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TORONTO — Noa Mendelsohn Aviv, Executive Director of the Canadian Civil Liberties Association, reacted to the Supreme Court:

The Canadian Civil Liberties Association is disappointed in the Supreme Court of Canada decision in Ontario (Attorney General) v. Ontario (Information and Privacy Commissioner), 2024 SCC 4. The Court unanimously found sweeping protection for Cabinet secrecy despite consistent lower court decisions in this case and the decision of the Information and Privacy Commissioner supporting a more limited interpretation.

The Freedom of Information and Protection of Privacy Act, (FIPPA) begins with a presumption that government information should be available to the public, subject only to “necessary exemptions” that are “limited and specific”. The purpose of access legislation is to allow media and the public to have the information necessary to hold government to account.

The CCLA has been resolute in protecting and upholding the public’s right to access government information and promote transparency, balanced against strictly necessary exemptions. CCLA intervened in this case to advocate for legal principles that protect the public’s right to know what government is doing and how it is fulfilling its mandate.

CCLA’s submissions to the court argued that exemptions for the disclosure of Cabinet documents should be interpreted narrowly, in accordance with FIPPA’s purpose. This should be done in a way that would exempt from disclosure only documents revealing who said what during the Cabinet deliberative process. This principled submission was based on the Cabinet secrecy convention, which is limited in scope. Instead of adopting this principled approach to interpretation, the Supreme Court took a board and sweeping approach to protecting Cabinet discussions. The CCLA is concerned that this approach will result in many more government records being withheld from the public than was previously the case.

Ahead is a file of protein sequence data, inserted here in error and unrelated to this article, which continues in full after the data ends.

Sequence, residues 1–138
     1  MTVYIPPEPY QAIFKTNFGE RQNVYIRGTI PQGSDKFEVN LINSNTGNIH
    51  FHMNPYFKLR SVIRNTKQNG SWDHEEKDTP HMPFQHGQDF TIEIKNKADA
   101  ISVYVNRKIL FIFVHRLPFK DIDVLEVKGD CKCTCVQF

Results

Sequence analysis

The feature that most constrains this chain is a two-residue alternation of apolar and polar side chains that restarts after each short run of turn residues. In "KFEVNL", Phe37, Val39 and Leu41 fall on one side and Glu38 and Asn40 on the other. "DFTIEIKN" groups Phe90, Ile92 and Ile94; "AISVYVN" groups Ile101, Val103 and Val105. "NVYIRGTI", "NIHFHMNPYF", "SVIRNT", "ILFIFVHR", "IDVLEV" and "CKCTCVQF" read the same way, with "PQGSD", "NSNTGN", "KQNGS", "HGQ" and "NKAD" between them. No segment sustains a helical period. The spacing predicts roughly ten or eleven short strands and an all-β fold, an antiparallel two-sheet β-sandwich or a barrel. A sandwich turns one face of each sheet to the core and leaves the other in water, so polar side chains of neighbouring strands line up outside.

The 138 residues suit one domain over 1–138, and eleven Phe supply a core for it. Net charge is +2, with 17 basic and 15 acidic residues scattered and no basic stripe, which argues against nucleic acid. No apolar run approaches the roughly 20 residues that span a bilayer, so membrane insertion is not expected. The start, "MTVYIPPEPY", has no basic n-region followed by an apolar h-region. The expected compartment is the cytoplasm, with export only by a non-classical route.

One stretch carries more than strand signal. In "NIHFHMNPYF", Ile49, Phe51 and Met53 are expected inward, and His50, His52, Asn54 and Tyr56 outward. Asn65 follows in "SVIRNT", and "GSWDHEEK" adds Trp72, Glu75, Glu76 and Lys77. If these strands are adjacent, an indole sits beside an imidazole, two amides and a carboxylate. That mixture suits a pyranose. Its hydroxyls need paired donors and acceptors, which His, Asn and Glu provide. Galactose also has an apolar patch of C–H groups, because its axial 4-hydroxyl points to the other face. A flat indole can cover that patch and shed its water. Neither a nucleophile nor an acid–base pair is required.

Decades ago, Canada was a leader in freedom of information legislation, but that time has long since passed. Unfortunately, this decision represents the continuation of a trend where courts pay lip service to the important transparency goals of Freedom of Information legislation, while continuing to incrementally expand the scope of exemptions.

CCLA is grateful for the excellent pro bono representation by Iris Fischer and Gregory Sheppard of Blake, Cassels & Graydon LLP in this case​​​.

À propos de l’association canadienne sur les libertés civiles
L’ACLC est un organisme indépendant à but non lucratif qui compte des partisans dans tout le pays. Fondée en 1964, c’est une association de défense des droits de la personne qui opère à l’échelle du Canada pour défendre les droits, la dignité, la sécurité et les libertés de toute la population.
Communications avec les médias :
Alex Nanoff – 613.709.6318

À propos de l’association canadienne sur les libertés civiles

L’ACLC est un organisme indépendant à but non lucratif qui compte des sympathisant.e.s dans tout le pays. Fondé en 1964, c’est un organisme qui œuvre à l’échelle du Canada à la protection des droits et des libertés civiles de toute sa population.

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